Organizers of the protest rally in front of the regional office of the National Commission on Indigenous Peoples (NCIP) charged that the 10-year old Indigenous Peoples Rights Act (IPRA) sows division within tribal communities and introduces private ownership over ancestral lands.
"The main contention of many indigenous tribes against IPRA is that it contradicts the IP’s basic concept on land, land use, and ownership. While land is a communal property for Lumads, IPRA introduces private ownership and in the process creates a new breed of a few landed elite," the Confederation of Lumad Organizations said in a statement at the rally of around 30 Lumads from various tribes.
The group called for the scrapping of the law passed in 1997 supposedly to protect the rights of indigenous peoples.
Tribal leaders from the Mandaya, Mansaka, D'babawon, Ata-Manobo, Ata-Matigsalug, Tagabawa, Obo-Manobo, B'laan, and Bagobo tribes gathered here for the 5th General Assembly of their group, PASAKA, or the Confederation of Lumad Organizations.
The protesters, accompanied by rally barkers from the PASAKA network, wore traditional clothing and carried placards with messages such as "Stop militarization in lumad communities.”
The protesters said the law facilitates entry of mining, logging, and other "destructive" projects in their ancestral domains. They also hit “militarization” of their areas and urged the military not to make their communities "battlefronts."
Bigkay said IPRA has become an instrument to sow division in their communities. She feared that other tribal leaders have applied for titling of their ancestral domain in Bukidnon's Pantaron Range.
She said some Lumad leaders are propelled by personal interest to own lands.
Another group in the rally, the Salupongtan Ta Tanu Igkanagun of Talaingod, Davao del Norte. withdrew its application for a CADT in 2006 and opted to use traditional laws to shield themselves against abuses.
The group urged the government last year to respect their rights to land and self-determination, which PASAKA said, goes beyond the scope of IPRA.
Lawyer Roque Agton, Jr, NCIP Southeastern Mindanao regional director, told MindaNews the law serves in protecting the Lumads' interests.
IPRA, he said, did not become an instrument of division and did not introduce private ownership. He stressed that CADT is a "communal" property and could not be transferred to an individual or family.
He said NCIP also does not impose over communities to submit to CADT application. But he said the tribes need the CADT to formalize their native title and for their protection.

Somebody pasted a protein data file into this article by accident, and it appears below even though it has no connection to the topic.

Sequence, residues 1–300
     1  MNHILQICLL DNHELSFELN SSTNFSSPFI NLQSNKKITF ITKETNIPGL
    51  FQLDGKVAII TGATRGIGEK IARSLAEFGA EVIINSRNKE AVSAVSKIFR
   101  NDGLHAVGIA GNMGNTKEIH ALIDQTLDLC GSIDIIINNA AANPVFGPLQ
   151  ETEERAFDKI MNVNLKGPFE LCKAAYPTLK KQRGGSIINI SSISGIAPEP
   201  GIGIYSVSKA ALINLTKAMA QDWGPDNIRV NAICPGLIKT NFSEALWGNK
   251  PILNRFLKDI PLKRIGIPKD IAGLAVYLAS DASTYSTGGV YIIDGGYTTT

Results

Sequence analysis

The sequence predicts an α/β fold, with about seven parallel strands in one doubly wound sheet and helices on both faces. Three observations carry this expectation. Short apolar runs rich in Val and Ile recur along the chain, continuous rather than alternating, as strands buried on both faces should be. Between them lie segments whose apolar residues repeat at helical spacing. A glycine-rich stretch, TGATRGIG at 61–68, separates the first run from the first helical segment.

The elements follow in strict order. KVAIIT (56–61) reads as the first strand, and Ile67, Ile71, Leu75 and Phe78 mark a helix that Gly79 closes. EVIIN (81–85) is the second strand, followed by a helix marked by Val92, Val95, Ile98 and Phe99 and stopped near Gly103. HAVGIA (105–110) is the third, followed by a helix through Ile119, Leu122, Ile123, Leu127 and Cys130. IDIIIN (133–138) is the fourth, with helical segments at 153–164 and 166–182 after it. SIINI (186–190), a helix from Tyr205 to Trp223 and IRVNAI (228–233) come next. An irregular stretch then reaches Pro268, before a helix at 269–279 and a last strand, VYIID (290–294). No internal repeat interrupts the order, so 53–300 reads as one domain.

He said whether the indigenous people would like it or not, whether IPRA is there or not, development would really come in. He said the communities need protection now after their lands were destroyed by logging concessionaires.
IPRA, he added, promotes consultative processes, which involves the community deciding by rule of the majority or consensus. He said the NCIP's role is only facilitative.
He said through IPRA, Lumad communities have the power to negotiate with any business interest eyeing to lease a part of their ancestral land via the free and prior informed consent (FPIC) process.
The protest ended without an audience with Agton, who got a copy of the PASAKA statement from the media.
His staff initially told reporters he was on an out of town trip and his officer in charge was on field work. But reporters found Agton in his airconditioned office upstairs. The office has a good view of the protesters.
Agton, a Lumad himself, said he could not understand why the protesters are against the law when IPRA seeks to protect them.
Speaking from his desk where a golf club stands besides a closet, Agton said he pitied the Lumads as he alleged they are being used by non-government organizations. He did not name the organizations.
Outside, as protesters were about to end the rally, men started to perform a war dance and another one chanted in their language the pains of their tribe.
"We hope NCIP will see our situation. The IPRA is not helping us," Tabilisan Lubi, from Bukidnon's Ata Matigsalug tribe in San Fernando town said after his 10 minute chant.
Bigkay said Agton should not say the protesters were being used by some non-governmental organzations.
"We came here to express our valid protest against the IPRA. We too, have the right to be heard and we can make our own decisions," she said speaking through an interpreter.